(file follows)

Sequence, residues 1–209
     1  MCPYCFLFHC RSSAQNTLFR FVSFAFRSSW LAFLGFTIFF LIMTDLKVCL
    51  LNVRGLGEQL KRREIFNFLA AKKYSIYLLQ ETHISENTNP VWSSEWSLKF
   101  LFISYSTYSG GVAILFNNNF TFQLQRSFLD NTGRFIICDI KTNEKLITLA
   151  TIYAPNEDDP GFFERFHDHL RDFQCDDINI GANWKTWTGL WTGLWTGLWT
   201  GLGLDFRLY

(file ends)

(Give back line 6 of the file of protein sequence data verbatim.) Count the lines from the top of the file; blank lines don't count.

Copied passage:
   201  GLGLDFRLY